There is a new generation of activist investors emerging. Kenneth J. Heinz of Hedge Fund Research says they are watching Japan and are eager become involved as advocates of shareholders and market efficiency alike.
Shareholder activism dominated investment and performance headlines last year, with high-profile campaigns involving leading activist investor hedge fund managers against management of large and mid-sized corporations.
Activist campaigns recently have targeted Yahoo, Apple, Fannie Mae, EADS, Sony, Target, JC Penny, Best Buy, Motorola, Pepsi, Dell, EBay, Actavis, Lion’s Gate and Herbalife.
In contrast to certain instances in which multiple activist investors may align with each other to oppose company management from a similar position, Herbalife has been an unusually dynamic situation in which high-profile activist investors have taken opposing long and short positions, with one activist aligned with management while another were in opposition.
With the exception of Sony, recent activist campaigns have largely focused on US and European targets.
The US and European activist surge was driven by three factors: surging equity markets, exposing underperforming managements and strategies, increasing or normalising of investor risk tolerance and accessible financing afforded by low borrowing costs. Yields are lower in Japan than elsewhere.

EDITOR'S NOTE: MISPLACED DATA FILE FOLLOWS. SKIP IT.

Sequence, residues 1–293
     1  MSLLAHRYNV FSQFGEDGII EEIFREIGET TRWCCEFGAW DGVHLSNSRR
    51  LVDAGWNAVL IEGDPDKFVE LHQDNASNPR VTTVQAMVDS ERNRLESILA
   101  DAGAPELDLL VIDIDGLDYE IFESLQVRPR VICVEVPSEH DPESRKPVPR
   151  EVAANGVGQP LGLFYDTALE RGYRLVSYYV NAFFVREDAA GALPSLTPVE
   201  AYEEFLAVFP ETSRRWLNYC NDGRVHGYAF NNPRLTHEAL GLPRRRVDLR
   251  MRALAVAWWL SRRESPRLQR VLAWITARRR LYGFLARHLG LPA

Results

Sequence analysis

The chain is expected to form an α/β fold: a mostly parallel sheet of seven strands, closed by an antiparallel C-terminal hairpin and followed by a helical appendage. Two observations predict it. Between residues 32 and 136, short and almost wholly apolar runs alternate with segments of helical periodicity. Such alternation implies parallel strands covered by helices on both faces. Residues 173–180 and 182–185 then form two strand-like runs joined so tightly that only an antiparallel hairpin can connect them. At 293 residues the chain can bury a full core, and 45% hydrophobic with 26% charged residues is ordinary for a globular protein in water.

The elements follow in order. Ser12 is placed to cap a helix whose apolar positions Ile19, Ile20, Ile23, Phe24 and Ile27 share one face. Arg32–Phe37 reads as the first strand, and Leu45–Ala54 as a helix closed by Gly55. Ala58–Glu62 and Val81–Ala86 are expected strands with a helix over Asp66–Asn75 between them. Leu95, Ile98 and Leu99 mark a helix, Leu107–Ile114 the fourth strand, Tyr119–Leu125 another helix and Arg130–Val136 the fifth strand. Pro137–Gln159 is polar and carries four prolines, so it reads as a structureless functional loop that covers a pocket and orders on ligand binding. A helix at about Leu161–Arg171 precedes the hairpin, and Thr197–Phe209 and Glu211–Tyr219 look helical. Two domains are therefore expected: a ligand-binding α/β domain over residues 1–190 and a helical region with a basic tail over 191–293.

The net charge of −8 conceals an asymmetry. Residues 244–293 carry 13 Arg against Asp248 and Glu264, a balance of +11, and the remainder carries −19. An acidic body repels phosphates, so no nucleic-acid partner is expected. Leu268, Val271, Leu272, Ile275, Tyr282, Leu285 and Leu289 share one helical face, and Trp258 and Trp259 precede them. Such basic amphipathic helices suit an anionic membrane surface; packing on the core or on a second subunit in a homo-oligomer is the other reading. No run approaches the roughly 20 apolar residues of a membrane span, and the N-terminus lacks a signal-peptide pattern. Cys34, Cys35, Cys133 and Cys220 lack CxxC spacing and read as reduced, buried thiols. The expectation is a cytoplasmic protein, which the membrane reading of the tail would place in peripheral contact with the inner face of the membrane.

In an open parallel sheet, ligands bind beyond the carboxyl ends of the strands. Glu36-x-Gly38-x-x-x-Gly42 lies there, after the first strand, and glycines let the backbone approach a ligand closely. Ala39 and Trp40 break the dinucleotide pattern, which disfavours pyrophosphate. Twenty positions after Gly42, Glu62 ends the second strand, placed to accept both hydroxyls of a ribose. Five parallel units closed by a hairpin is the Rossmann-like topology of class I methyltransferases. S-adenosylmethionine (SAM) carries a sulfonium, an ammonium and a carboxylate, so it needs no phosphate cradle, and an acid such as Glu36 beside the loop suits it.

There is a cultural resistance to aggressive activist techniques in Japan, but all of the ingredients that led to a surge in US and European shareholder activism are in place.
Japan may offer even greater opportunities in the years ahead.
While activism can become public and turn into hostile pro-shareholder campaigns against entrenched management, campaigns typically begin as private and often collaborative dialogue between the activist and management.
An activist investor is frequently a large, and occasionally the largest, shareholder in a public company, lending credibility to their positions as a result of having significant financial interest.
Dialogue often begins as suggestions for strategic enhancements, capital structure modifications, divestitures or alternative uses of cash, including dividends, which would increase shareholder returns.
Only as a result of reluctance or resistance by management to change, do most campaigns become more aggressive, public or hostile, including proxy fights for shareholder support, efforts to replace individuals on the company’s board of directors or attempts to remove existing management.
While it would be unrealistic to expect a flood of Japanese-focused campaigns targeted at the large conglomerate, a few well targeted and executed campaigns could serve to substantially improve returns for shareholders and investors.
This should also send a powerful message to underperforming and entrenched management that the activists are watching and eager to become involved, as advocates of both shareholders and market efficiency.
The end results of these are likely to be a win-win for investors and shareholders, with better equity performance for target companies and non-targets alike, in the short and long-term.
Kenneth J. Heinz is the president of Hedge Fund Research
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